King broke with Johnson over the Vietnam War. Johnson was furious. But King did not back down. He drew a line. Abiding by his principles was more important to him then access to power. King seemed to understand that you can be a prophet, or you can be an advisor to people in power. You have to choose. By the time he was assassinated at age 39, King had assumed the mantle of an American Moses.
In the 1970s, Jerry Falwell also issued a prophetic call, but from a rather different place on the political spectrum. He denounced America, warning that the nation had lost its moral compass and was sinking into a morass of relativism where "anything goes." He, too, appealed to the nation to return to the Christian values he believed were present at the founding. Both King and Falwell admonished America for its social sins and both called the nation back to its roots -- although they had very different ideas about the nature of those roots. For King, the foundation was about social justice; for Falwell, it was about Christian morality.
For evangelicals like Falwell who stepped into the political arena, the tension between moral conviction and the enticement of power played out with particular force. Their support helped sweep into office two Republican presidents, Ronald Reagan and George W. Bush. Yet neither president delivered on the evangelical agenda. After 30 years of political engagement, some religious conservatives wondered if it was worth it. Ed Dobson, former associate pastor of Falwell's Thomas Road Baptist Church in Lynchburg, Va., said in hour five of the series, "Soul of a Nation": "There's a huge danger in getting too involved in the political process. You can either be a prophet who stands on the outside of culture and argues against the injustices, or you can be the king, and I don't think you can be both."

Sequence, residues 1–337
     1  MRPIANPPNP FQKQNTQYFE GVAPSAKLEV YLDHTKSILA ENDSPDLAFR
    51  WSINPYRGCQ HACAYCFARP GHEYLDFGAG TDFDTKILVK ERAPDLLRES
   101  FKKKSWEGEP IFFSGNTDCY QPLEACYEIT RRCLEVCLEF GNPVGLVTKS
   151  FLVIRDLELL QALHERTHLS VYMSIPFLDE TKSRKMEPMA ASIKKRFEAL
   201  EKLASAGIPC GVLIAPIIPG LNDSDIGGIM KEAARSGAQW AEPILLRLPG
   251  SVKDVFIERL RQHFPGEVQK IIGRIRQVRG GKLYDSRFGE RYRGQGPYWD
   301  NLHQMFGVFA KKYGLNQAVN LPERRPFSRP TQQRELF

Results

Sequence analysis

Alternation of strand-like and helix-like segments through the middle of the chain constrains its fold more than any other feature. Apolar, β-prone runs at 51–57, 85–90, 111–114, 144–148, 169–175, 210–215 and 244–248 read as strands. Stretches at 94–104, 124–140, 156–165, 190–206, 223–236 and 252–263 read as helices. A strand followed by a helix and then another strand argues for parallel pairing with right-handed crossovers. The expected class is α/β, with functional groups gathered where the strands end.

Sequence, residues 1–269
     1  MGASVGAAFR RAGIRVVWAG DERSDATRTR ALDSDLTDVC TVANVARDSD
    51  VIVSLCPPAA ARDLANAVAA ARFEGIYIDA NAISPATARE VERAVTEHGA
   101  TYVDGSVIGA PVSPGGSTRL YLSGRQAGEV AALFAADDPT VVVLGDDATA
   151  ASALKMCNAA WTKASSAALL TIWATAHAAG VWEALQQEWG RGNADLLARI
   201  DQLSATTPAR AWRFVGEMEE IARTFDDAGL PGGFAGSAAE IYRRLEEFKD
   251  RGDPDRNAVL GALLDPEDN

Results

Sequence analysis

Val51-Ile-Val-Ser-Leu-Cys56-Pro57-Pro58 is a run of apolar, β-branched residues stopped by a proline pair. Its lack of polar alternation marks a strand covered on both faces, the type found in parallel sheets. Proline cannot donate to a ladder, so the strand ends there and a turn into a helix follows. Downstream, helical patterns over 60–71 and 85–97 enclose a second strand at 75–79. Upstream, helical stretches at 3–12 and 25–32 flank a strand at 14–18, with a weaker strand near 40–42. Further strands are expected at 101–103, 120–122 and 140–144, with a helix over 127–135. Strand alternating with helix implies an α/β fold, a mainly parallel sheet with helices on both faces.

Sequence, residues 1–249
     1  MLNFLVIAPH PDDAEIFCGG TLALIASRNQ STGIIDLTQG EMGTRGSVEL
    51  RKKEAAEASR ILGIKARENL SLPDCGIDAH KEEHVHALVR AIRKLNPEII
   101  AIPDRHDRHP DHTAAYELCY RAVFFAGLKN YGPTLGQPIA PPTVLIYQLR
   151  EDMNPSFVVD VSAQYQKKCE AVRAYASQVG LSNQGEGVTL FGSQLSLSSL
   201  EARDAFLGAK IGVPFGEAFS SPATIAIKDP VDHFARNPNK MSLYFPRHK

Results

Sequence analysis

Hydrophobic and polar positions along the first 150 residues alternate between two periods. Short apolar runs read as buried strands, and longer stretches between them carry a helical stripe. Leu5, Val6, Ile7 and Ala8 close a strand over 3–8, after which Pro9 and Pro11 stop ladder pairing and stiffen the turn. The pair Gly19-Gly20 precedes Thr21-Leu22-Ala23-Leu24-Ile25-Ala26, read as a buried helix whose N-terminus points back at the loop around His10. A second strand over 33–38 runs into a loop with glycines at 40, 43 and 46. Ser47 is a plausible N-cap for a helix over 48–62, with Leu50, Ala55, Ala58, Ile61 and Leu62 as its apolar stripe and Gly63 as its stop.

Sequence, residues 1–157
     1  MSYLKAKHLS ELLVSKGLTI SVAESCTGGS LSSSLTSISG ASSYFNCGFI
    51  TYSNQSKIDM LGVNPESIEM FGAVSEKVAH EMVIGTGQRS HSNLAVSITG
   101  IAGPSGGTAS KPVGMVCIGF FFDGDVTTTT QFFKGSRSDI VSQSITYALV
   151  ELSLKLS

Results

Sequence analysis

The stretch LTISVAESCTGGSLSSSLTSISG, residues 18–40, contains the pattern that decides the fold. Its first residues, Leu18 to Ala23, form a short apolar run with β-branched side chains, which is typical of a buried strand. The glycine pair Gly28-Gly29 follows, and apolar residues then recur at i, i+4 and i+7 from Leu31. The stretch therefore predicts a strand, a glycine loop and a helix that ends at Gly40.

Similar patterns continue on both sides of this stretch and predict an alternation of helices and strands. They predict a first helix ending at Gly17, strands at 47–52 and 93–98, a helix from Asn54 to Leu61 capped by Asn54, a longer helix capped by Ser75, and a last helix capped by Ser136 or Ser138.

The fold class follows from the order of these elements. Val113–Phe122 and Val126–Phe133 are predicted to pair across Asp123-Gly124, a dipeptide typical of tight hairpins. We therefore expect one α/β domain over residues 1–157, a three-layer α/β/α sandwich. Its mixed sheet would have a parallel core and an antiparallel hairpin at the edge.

So perhaps there is an inherent dilemma here. Political engagement carries a price. But so does lack of engagement. And the prophetic voice has its own limits. It has the power to highlight moral problems often ignored by powerful elites, but does not have the actual authority to solve them. That is a matter for political institutions. As political scientist John C. Green has pointed out, the prophetic voice gives way to the "priestly" voice -- the voice that in ancient times advised the royal court and today advises the governing class. But religion can quickly find itself on a slippery slope, seduced by power or condoning the actions of those it previously criticized. As Green suggests, the prophetic voice of King was essential to ending segregation, but the process required powerful political institutions. King's successors became political operatives.
The series God in America explores the historical dynamic between religion and public life in this nation for more than four centuries. But it does not presume to answer the question, how should faith and politics engage each other? President Barack Obama offered his answer in his 2006 Call to Renewal speech. We hope that the series will encourage viewers to explore this question and that the programs and the web site will give Americans of all faiths and no faith the common ground of shared history as a place to start this conversation.